Surprisingly, bed bugs continue to be the most difficult kind of pest infestation to treat, according to 76% of survey respondents, beating out other pest heavy-hitters such as termites, cockroaches, and ants. But what about sugarcane aphids?
First, what are sugarcane aphids?
Aphids, commonly referred to as plant lice, are small insects that feed on vegetation in large colonies or groups. They are considered among the most destructive insect pests, and Southern sugarcane aphids — which feed on sugarcane and sorghum grass — are no exception. For a relatively new pest to the Alabama region, sugarcane aphids have made quite the first impression with Southern sorghum grass farmers.
“It caught growers’ attention pretty quickly,” explains Scott Stewart, University of Tennessee Extension entomologist. “It first showed up in Tennessee this past August, but it was obvious that it had been present in some areas of the state prior to that time.”
While sugarcane aphids have been in Louisiana for almost 12 years, they hadn’t damaged sorghum grass crops to this new, severe extent. Stewart, as with many other researchers studying the infestation, believe this is due to either a host jump from sugarcane to sorghum grass or an entirely new biotype of sugarcane aphids that has somehow been introduced.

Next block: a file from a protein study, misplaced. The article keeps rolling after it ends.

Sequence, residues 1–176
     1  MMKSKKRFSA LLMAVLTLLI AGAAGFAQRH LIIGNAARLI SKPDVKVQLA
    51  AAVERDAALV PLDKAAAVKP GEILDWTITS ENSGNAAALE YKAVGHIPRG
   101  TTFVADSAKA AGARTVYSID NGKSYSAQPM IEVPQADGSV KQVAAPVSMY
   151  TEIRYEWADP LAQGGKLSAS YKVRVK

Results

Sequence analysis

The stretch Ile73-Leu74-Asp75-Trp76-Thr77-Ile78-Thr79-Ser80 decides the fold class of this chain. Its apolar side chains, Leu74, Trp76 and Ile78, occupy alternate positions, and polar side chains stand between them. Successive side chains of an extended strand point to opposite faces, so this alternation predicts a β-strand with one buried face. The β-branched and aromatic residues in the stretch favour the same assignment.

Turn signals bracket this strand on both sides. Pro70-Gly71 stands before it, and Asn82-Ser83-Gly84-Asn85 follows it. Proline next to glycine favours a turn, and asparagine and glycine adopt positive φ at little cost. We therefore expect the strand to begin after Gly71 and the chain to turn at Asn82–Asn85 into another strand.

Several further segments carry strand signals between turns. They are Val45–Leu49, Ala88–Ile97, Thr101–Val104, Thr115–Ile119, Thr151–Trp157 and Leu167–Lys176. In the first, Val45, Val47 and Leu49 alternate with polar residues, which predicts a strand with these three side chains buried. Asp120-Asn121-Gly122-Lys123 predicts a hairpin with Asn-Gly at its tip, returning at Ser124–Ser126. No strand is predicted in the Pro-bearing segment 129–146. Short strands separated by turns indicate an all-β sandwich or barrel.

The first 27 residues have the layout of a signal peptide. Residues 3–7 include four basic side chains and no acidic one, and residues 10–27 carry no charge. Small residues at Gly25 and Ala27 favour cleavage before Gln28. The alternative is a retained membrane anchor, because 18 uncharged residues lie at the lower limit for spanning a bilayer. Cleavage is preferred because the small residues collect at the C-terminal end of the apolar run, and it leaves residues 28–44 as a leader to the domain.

In early August of last year, sugarcane aphids began migrating from other southern states into Mississippi, Alabama, Georgia, and even Florida.
To make matters worse, treating a sugarcane aphid infestation can be tricky. “Not everything kills this insect, and some things make it worse. Our data has shown that depending on the aphid growth phase and the stage of the sorghum, some treatments look good some of the time, but they may not look good at other times. The ones that have been most consistent have been Transform WG, Admire Pro, and Centric,” says Stewart.
The Environmental Protection Agency (EPA) granted Section 18 emergency use exemptions in Mississippi and Louisiana for the use of Transform WG insecticide in order to control sugarcane aphid infestations in sorghum grass last month. However, Section 18 approvals for Alabama, Arkansas, Georgia, and Texas were granted in January of this year.